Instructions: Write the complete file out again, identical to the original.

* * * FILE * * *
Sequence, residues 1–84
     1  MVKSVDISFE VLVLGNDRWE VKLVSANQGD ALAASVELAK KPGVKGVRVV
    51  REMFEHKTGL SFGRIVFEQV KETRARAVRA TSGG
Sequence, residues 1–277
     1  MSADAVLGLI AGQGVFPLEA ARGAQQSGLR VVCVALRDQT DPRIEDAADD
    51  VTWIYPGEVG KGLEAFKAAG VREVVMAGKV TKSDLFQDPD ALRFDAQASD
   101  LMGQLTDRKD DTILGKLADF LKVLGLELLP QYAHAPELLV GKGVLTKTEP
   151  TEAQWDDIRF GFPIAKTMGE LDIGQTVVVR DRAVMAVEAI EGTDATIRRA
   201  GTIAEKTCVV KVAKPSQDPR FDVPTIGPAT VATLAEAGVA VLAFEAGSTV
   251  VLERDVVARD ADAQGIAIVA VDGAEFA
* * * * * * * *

Sequence, residues 1–84
     1  MVKSVDISFE VLVLGNDRWE VKLVSANQGD ALAASVELAK KPGVKGVRVV
    51  REMFEHKTGL SFGRIVFEQV KETRARAVRA TSGG
Sequence, residues 1–277
     1  MSADAVLGLI AGQGVFPLEA ARGAQQSGLR VVCVALRDQT DPRIEDAADD
    51  VTWIYPGEVG KGLEAFKAAG VREVVMAGKV TKSDLFQDPD ALRFDAQASD
   101  LMGQLTDRKD DTILGKLADF LKVLGLELLP QYAHAPELLV GKGVLTKTEP
   151  TEAQWDDIRF GFPIAKTMGE LDIGQTVVVR DRAVMAVEAI EGTDATIRRA
   201  GTIAEKTCVV KVAKPSQDPR FDVPTIGPAT VATLAEAGVA VLAFEAGSTV
   251  VLERDVVARD ADAQGIAIVA VDGAEFA